Working on my kids swing is only priority when he’s old enough to make it his priority … after me and his mom teach him what priorities are. But at 9, he doesn’t know a priority from sorority. 

He’s out to have fun ... Period.

And suggesting he work on a tee is not only, not, on our list of important things, it’s not even on his.

He wants to play baseball at 9, not work at it.

His coach needs to work at making the game so much fun for those little kids that passion wells up and flows over—making working at their swing their passion—their priority … some day, if they so desire. 

But, if my son ever decides to make his swing one of the more important things in his life, more power to him. I only hope I get a seat in the stadium close enough for him to hear me cry with joy … for him.

But it won’t be a priority because a coach made him work at it at 9; it’ll be a priority because we, his parents, worked at making it our priority to teach how priorities work.

That’s just one of our jobs as parents.

We can’t allow fanatical coaches to convince us that our little boys and girls, our 7, 8, 9, and 10 … year-olds need to make working on their game a priority.

It isn’t. That’ll be their decision—someday—if we make it our priority to do our jobs today.  



Once, when our boys were around 4 and 5 years old they witnessed another boy about their own age throw a tantrum while walking through the mall.

It was a classic outburst.

Flailing and dropping to his knees, the kid yanked and tried to pull away from his mother’s grip as she squatted down to his level and tried to reason with him.

My sons looked curiously at the boy as we passed.

 “Noooo! Let go!” The kid screamed as his mother continued with reason. “I want to go back! …Nooo! Let go!” he continued while swinging wildly—striking his mother. 

My youngest guy’s eyebrows raised and eyes widened, “Dad … he’s gonna need a pair of spank proof pants!”

Kids who get a little swat on the pants generally get the message a little quicker … and lot longer than those who don’t.

Why is it that spanking a misbehaving child is unacceptable these days?

Is it because there are knuckleheads who don’t know the difference between a spanking and a beating?

People can’t control themselves in all manner of activity. …. Parenting is no exception. 

So because there are absolute jackass parents out there who can’t decipher the difference between a swat and a beating, every other responsible parent on earth need avoid reasonable discipline?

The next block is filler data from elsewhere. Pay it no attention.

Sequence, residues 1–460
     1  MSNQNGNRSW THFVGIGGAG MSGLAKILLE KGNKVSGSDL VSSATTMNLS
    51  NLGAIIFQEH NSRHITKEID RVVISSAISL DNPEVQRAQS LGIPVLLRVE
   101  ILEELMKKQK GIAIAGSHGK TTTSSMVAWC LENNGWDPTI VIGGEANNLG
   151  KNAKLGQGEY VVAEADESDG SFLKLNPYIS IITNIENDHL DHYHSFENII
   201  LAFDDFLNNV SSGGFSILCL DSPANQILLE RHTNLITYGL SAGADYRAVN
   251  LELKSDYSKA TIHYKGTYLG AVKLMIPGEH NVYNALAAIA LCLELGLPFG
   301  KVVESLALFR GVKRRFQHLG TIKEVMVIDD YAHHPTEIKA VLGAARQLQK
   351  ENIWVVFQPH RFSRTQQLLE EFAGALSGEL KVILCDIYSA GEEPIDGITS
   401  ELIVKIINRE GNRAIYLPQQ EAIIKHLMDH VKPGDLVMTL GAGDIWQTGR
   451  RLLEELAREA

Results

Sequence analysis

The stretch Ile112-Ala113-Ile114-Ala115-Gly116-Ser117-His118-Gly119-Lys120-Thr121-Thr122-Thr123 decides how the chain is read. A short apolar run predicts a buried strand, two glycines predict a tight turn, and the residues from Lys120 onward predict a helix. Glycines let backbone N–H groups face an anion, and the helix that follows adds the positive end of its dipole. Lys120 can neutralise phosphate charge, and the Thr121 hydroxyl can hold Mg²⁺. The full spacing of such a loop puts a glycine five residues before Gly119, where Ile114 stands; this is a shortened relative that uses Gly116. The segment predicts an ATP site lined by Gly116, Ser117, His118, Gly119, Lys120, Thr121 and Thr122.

I’m not saying you should spank your kids. I’m saying one idiot’s irresponsible behavior shouldn’t have influence over another’s responsible behavior. 

Should we all be on diets? Refrain from alcohol?  How about driving?

Anything can be handled irresponsibly.

That’s the problem with what’s going on these days.

Whether you’re responsible or irresponsible, there’s seems to be a communal force that wants to suppress accountability. It seems there’s a growing army of bleeding hearts who look to the community to bear the brunt of irresponsibility and share the wealth of responsibility.

Taking your best shot and accelerating past your competition isn’t nice.

If one kid is better than the rest, let’s ask him to slow down so all the rest can compete. If one kids being disruptive … don’t single him out, address and reprimand the entire class so he doesn’t get embarrassed.   

Everything is being pulled down to the least common denominator.

God forbid we single someone out for exceptional … or inexcusable behavior.

No. No one should be singled out.

Everyone should make the team. No one should get an F. Nobody should benefit from the harsh hand of fair and measured praise or discipline.

We’re in a race for mediocrity—a race to parity.  

And still, with all this effort for equality, all this effort to make everyone feel good, the world is getting crueler.

Kids who think they have reason to take a swing at parents who only try reason, run a higher risk of actually needing those spank proof pants as they grow older.